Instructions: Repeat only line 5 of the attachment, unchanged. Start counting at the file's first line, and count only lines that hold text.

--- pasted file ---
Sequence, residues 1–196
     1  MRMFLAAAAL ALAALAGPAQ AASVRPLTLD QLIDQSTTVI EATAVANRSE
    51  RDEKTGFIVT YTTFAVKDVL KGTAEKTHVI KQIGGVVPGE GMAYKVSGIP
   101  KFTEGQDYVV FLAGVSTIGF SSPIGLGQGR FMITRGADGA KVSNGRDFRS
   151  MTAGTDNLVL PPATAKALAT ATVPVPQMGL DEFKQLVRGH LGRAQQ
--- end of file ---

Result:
   151  MTAGTDNLVL PPATAKALAT ATVPVPQMGL DEFKQLVRGH LGRAQQ